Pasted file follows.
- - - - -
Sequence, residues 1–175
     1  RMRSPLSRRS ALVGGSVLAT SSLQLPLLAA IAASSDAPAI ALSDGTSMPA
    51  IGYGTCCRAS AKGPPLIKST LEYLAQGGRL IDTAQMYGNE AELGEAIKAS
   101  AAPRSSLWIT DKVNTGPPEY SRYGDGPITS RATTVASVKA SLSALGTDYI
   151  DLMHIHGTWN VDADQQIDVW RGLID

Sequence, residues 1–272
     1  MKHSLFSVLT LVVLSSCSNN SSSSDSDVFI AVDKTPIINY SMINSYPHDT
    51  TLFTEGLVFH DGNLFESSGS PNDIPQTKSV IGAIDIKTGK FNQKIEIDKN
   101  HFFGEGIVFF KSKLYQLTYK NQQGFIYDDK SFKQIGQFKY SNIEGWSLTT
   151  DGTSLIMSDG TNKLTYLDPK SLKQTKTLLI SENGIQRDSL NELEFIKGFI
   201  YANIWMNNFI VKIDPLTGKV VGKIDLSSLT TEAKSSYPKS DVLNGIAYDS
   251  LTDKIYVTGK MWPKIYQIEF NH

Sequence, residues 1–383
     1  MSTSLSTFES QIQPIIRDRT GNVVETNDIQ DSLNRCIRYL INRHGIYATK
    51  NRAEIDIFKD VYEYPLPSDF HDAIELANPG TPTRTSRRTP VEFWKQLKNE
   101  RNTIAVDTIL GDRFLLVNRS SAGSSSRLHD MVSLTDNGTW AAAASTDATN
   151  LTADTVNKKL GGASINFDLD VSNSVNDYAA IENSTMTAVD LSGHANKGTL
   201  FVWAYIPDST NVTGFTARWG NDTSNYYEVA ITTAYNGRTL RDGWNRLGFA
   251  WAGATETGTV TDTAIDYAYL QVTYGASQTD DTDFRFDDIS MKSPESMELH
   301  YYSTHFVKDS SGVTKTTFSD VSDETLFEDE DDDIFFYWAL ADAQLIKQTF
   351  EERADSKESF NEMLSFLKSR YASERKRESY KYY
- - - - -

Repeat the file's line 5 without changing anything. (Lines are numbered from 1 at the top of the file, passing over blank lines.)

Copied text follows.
   151  DLMHIHGTWN VDADQQIDVW RGLID